MCN Commentary & Analysis

The State of Oscar. 021020. Oscar’s Climax (Pt 1 – The Rundown).

Simply… a rundown of the show… with a few bits of commentary.

Janelle Monáe opens the show with an homage to a movie that was not nominated that turns into a really cool number paying homage to other movies that were not nominated. (There was a dancing Joker, and other costumes represented Dolemite Is My Name, Queen & Slim, US, Midsommar, and a couple of 1917 and Little Women dancers as well.) Then, the great non-movie performer Billy Porter, who we had a long time with in the also all-race, all-youth pre-show, turns up singing a song from the not-nominated for BP Rocketman. Monáe then comes into the audience in a Midsommar outfit and shouts out “the women, the black, and the queer.” Enormous energy. But basically a five-minute apology to open the show.

Rock and Martin kill it.

Regina King, last year’s Supporting Actress winner, as is traditional, announces Supporting Actor Brad Pitt.

Beanie Feldman announces Mindy Kaling to announce Animated Feature and Animated Short. Why are they doing the short after the feature???

First Nominated Song. Idina Menzel and women who voiced her role in other countries. Great idea. Not very good execution. Not a great song, which made it harder, as the choice suggested the song had the kind of world appeal that “Let It Go” did.

Kelly Marie Tran and Questlove intro an intro that sexualizes Keanu Reeves.

Keanu and Diane Keaton announce Original Screenplay. Nice nomination package, although a really odd set of choices from those movies. Bong’s first win.

Natalie Portman and Timothée Chalamet (with his Members Only tux) announce Adapted Screenplay. Taika gets an Oscar.

Presenters Shia LaBeouf and Zack Gottsagen for Live Action Short. Representation of cognitive disability, demanding an applause break, while based on its lack of nominations and its great-for-a-tiny-indie $20 million gross, you know less than half the people in the room had any idea who Gottsagen was and less than 10% of the television audience did. There was something insightful and beautiful watching LaBeouf help Gottsagen through the moment, which was clearly not easy for him.

Maya Rudolph and Kristen Wiig start their funny material at the 53 minute mark of the show. Production Design goes to someone other than 1917 at 57 minutes, the first crack shown. Costume is announced at the 1 hour mark of the show.

Second Song nominee with a chorus in the background that Oscar cameras emphasize, repeatedly focusing on its wheelchair-bound member. Commercial break at 1:04.

(A commercial for Quibi encourages short attention spans at serious moments. Ha Ha Fucking Ha.)

Oscar returns from a three-minute break with a pretty good package on docs. Mark Ruffalo does Best Doc and Best Short Doc, weirdly in that order.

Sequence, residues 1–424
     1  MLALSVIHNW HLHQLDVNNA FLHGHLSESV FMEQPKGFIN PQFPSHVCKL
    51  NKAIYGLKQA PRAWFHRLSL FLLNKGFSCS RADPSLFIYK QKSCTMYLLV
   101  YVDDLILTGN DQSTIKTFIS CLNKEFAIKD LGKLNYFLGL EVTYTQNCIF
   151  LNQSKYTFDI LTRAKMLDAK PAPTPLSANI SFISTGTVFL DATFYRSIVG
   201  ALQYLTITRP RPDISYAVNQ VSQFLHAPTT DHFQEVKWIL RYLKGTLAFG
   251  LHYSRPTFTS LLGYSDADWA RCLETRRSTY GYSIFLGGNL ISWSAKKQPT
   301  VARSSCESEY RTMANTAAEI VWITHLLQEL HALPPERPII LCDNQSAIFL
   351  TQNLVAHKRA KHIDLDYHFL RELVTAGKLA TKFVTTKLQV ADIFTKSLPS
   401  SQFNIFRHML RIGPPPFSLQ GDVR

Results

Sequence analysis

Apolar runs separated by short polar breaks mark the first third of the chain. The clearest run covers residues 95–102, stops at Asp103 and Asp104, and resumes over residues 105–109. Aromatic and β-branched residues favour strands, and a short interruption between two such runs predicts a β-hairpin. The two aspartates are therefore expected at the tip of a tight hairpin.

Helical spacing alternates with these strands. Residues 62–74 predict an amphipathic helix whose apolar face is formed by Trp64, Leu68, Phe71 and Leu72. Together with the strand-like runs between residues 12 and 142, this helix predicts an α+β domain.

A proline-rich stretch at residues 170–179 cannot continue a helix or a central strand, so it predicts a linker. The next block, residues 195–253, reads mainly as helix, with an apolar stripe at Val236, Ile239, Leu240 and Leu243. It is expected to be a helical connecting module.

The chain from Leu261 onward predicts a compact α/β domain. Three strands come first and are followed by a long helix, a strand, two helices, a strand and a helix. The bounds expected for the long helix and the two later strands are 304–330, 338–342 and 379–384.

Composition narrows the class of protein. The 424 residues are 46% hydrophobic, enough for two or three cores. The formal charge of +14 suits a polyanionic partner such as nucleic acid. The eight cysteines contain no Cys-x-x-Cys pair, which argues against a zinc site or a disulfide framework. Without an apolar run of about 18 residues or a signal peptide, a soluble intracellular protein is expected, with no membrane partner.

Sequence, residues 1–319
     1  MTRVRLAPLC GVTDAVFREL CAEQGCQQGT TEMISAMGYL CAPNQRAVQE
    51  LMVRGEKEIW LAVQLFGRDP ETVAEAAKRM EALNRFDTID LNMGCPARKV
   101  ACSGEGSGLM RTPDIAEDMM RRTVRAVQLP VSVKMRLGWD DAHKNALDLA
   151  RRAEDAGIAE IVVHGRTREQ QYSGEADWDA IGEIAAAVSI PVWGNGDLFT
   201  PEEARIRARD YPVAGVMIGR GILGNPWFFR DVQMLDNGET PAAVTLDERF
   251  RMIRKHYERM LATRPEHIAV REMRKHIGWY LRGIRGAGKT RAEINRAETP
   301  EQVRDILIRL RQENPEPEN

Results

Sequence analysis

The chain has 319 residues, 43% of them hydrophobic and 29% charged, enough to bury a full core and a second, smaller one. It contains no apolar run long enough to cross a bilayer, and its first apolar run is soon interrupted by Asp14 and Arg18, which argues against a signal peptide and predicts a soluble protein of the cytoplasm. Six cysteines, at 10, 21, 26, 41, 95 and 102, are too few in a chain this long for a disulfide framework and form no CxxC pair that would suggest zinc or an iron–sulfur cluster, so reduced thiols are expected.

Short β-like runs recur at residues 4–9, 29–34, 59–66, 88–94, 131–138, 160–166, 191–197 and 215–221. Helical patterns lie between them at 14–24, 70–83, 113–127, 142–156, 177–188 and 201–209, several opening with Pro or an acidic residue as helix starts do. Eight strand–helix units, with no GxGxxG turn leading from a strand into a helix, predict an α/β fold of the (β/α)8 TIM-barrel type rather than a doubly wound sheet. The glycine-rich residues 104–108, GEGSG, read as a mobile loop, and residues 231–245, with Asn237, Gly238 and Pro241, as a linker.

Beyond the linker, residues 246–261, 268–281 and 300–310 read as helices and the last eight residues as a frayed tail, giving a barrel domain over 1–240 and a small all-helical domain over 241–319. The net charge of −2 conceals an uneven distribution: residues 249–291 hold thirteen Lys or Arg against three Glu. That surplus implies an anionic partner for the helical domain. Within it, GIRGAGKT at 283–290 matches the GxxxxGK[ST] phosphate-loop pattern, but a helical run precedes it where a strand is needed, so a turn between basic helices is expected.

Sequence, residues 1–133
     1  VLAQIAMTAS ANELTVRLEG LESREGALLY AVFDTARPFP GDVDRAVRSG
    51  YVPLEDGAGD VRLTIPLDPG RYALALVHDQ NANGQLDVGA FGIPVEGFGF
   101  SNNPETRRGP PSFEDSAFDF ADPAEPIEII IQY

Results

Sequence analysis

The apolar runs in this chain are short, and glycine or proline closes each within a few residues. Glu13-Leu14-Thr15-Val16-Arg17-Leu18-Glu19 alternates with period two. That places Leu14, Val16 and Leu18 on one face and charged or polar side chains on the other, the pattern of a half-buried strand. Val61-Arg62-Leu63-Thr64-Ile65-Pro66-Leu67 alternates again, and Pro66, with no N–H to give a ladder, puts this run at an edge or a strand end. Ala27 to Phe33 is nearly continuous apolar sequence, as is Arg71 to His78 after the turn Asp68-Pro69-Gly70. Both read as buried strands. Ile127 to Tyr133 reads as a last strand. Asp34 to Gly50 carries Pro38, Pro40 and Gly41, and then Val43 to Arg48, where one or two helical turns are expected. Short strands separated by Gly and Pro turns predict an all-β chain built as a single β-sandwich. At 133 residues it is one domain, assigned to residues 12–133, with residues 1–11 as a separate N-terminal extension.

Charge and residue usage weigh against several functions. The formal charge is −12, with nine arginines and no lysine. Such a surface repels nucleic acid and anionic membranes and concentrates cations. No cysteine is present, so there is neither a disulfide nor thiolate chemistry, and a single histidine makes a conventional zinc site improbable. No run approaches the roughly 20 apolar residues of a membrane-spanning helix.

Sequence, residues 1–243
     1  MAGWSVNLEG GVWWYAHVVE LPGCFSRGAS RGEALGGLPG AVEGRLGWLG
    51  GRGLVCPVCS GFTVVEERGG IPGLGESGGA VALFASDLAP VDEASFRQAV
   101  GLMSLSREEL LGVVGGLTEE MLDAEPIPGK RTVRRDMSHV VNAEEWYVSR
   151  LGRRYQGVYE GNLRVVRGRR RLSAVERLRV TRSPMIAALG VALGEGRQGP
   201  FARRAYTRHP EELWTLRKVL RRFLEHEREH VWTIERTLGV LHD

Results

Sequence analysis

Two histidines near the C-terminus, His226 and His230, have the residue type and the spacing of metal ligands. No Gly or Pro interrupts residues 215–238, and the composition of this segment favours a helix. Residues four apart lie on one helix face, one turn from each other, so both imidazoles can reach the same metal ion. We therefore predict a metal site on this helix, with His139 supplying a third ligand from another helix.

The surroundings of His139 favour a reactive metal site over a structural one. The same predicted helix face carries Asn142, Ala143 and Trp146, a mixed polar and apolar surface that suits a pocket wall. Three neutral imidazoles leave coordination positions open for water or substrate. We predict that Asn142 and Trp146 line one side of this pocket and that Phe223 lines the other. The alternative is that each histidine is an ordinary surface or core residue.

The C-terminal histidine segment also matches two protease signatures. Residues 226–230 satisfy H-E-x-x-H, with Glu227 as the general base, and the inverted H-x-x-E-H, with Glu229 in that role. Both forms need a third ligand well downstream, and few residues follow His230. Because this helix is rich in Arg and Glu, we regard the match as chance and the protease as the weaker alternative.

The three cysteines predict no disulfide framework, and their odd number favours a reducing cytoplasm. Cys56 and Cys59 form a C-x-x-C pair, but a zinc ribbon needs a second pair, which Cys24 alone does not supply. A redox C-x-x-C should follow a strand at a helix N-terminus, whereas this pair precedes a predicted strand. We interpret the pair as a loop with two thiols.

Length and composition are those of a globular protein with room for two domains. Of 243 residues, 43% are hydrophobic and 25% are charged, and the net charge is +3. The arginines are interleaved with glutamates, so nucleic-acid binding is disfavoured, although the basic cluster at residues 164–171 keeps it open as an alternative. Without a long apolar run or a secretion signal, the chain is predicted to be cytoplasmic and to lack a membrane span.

Mahershala Ali announces Best Supporting Actress. Laura Dern gives a lovely speech and remains one of Hollywood’s most loved people.

At 1:25 in the show, the mysterious case of Anthony Ramos, who 1% or less of the audience has ever laid eyes on before, and will star in In The Heights this summer. He explains that he was in “Hamilton” (on Broadway) and intros Lin-Manuel Miranda for no apparent reason other than to let us know that he was invited to The Oscars as the ultimate plus-one or as an homage to Jimmy Kimmel pulling people in from the mall to be on the show in 2017. (The show’s producers don’t help the audience out.) Miranda intros a song package in less time than Anthony Ramos spent barely introducing himself.

A very clever package about how songs and the visuals of the movies become connected forever. The problem is, the package producers don’t seem to trust the moments in which the songs became indelible and on top of that, they include songs that aren’t actually indelible in order to have more moments of color and also include musical movie numbers, which are really not the point of the package at all. Why? We’ll know in a moment…

Eminem! 47-Year-Old Eminem. (At first, I thought Todd Phillips was rapping.) Why? He refused to show up at the Oscars 18 years ago when he won Best Song. The song was released as a video a month before the movie 8 Mile was released, which was great marketing for the film, as it was a massive hit when the film was released in November.

But why are we having this song honored in the middle of Oscar night 2020? Into The Unknown.


Salma and Oscar, with a great joke for Salma about holding an Oscar on that stage. Oscar, smartly, throws away the “Oscar not-so-white anymore” joke. Sound Editing and Sound Mixing.

Randy Newman sings his nominated Toy Story 4 song, which features the unfortunate lyrics, “Got nothing more to say, you’re not listening anyway.”

1:48 Anthony Ramos is back! Wait! It’s not Anthony Ramos. It’s Utkarsh Ambudkar. He says, “I do not belong here.” Millions agree. He’s another Lin-Manuel Miranda acolyte.

1:50 Julia Louis-Dreyfus and Will Ferrell announce Cinematography and Editing. Very funny.